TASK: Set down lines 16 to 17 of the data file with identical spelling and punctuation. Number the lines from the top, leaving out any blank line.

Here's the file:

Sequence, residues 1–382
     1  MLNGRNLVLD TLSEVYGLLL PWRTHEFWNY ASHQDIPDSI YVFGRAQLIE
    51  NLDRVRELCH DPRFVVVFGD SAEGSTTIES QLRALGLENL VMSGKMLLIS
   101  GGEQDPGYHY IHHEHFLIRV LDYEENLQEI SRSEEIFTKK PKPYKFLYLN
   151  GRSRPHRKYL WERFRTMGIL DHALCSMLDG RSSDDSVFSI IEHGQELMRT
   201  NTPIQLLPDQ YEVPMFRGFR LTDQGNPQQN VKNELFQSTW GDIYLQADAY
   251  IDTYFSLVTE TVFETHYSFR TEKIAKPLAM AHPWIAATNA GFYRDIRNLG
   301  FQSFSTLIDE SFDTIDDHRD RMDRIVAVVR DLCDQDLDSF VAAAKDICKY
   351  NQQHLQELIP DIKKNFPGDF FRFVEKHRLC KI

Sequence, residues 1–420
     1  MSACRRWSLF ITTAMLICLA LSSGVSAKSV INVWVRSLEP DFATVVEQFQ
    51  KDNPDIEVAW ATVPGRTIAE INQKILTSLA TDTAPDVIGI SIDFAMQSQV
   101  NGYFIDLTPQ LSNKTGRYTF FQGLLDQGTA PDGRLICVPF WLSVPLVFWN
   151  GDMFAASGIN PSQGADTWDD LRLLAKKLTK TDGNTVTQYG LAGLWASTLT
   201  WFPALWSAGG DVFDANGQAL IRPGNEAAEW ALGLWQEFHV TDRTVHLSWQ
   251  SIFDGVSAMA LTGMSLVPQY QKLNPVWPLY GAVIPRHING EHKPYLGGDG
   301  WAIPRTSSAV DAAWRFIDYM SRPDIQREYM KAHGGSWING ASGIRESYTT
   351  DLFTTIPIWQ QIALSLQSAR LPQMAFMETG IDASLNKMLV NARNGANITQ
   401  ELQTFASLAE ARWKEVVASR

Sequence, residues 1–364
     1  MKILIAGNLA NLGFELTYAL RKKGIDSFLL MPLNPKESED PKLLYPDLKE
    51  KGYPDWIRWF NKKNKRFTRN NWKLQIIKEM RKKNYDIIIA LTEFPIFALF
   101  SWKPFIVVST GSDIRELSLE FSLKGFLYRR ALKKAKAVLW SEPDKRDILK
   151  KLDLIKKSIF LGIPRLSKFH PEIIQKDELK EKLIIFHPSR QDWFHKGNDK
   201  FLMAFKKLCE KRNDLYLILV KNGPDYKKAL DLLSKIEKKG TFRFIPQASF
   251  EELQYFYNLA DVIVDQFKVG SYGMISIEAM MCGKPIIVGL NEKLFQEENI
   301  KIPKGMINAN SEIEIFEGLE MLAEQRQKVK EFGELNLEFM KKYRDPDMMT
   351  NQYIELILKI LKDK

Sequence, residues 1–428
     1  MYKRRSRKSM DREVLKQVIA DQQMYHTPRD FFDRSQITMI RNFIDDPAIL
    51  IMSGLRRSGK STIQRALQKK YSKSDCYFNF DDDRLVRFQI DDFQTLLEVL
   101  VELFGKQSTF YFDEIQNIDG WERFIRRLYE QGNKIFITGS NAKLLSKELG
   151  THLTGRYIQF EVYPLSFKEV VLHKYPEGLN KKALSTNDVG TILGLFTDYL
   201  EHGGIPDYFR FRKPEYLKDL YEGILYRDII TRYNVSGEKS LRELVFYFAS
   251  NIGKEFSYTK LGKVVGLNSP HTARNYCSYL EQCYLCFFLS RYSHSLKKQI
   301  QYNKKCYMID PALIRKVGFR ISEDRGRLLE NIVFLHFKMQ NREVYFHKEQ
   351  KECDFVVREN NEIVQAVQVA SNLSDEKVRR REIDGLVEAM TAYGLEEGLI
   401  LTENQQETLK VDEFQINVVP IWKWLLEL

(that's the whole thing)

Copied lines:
   251  SIFDGVSAMA LTGMSLVPQY QKLNPVWPLY GAVIPRHING EHKPYLGGDG
   301  WAIPRTSSAV DAAWRFIDYM SRPDIQREYM KAHGGSWING ASGIRESYTT